Tell me if you’ve heard this one before. A conversation is taking place on same-sex marriage. One side is for it. American law, they say, should not effectively sanction the traditional Christian view of marriage and reject other visions of marriage, including gay marriage. The other side is against. Heterosexual marriage is not merely a Christian concept, they say, but the foundation of western civilization and the further degradation of the marriage structure only invites continued social decay. Besides, they say, if we legalize same-sex marriage, then it will not be long before churches or at least chaplains and faith-based enterprises in the wedding business will be forced to perform or service ceremonies that violate their conscience.
Wait a minute! someone shouts. This whole problem arises in the first place because of an unholy entanglement of church and state. Why is it that the church, which otherwise has very little to do with government authority, accepts a kind of limited partnership with the state in defining who is married and who, therefore, should receive the legal benefits marriage confers? Why don’t we separate the sacred ceremony, which declares who is married in the sight of the church, from the state ceremony, which adjudicates who is joined in civil partnerships for the purposes of taxation, health care and so forth?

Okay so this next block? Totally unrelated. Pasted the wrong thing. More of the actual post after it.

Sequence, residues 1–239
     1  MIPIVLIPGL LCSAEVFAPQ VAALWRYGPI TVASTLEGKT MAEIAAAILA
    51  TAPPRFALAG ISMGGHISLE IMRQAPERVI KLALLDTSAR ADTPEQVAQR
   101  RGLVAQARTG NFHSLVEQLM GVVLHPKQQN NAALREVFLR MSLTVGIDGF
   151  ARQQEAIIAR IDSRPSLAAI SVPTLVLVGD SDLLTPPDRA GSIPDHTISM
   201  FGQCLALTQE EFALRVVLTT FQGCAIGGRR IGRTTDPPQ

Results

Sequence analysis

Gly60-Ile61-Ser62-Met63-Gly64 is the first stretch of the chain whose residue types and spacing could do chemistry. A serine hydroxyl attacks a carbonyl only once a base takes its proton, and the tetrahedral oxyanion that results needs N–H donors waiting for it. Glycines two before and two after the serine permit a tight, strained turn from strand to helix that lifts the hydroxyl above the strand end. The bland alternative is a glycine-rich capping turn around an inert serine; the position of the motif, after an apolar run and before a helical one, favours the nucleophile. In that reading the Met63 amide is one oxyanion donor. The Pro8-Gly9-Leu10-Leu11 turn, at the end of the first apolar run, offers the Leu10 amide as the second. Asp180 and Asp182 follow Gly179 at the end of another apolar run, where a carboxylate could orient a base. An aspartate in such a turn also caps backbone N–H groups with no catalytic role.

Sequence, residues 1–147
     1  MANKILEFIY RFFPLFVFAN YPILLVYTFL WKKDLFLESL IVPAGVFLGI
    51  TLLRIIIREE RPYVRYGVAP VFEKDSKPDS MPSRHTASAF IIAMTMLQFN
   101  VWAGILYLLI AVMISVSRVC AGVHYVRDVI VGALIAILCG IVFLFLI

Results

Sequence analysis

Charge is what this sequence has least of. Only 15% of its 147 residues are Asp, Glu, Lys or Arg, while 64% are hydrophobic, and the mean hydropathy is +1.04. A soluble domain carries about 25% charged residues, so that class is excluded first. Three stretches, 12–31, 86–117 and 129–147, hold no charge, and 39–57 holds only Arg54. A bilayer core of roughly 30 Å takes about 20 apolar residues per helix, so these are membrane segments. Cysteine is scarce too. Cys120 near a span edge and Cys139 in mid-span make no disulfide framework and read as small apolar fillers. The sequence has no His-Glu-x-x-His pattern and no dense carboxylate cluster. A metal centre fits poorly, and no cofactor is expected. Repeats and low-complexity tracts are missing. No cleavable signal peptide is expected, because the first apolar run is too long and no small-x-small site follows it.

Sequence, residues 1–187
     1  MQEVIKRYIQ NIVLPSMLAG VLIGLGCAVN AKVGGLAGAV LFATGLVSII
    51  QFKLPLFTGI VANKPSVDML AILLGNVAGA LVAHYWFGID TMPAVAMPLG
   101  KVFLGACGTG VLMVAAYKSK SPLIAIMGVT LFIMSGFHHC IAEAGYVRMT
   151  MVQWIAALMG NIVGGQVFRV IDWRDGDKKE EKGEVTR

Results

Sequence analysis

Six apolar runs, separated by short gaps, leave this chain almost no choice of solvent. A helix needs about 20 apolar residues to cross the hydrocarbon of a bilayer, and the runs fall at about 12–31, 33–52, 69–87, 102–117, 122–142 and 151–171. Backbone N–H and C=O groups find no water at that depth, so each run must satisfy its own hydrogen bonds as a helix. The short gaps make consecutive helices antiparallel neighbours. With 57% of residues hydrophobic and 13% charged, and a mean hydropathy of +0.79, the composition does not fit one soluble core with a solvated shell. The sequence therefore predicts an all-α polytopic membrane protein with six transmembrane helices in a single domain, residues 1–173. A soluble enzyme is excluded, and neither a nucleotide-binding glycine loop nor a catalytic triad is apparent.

It’s an appealing vision. Those couples who merely want to be joined in the eyes of the state, and receive the benefits thereof, can have civil ceremonies. Those who also want to be joined in the eyes of their church can seek a church that will conduct the sacred ceremony. State benefits will flow from the civil ceremony and church benefits (for those churches that provide special consideration for married men and women) will flow from the sacred ceremony. Then, the theory goes, the state could honor same-sex unions (or “marriages” — I’m sure there would be a fight over the terminology) while the churches committed to a traditional definition of marriage can continue to honor male-female unions only.
I didn’t post a new Question of the Week last Monday because we were still discussing whether evangelicals should continue supporting a legal definition of marriage that only honors heterosexual unions. This week I want to push on this particular question: Would it really make sense to “get the government out of the marriage business”? Or, perhaps better put: Should the church and the state separate the sacred from the civil ceremony? Is this realistic? Does this provide relief on the question of same-sex marriage?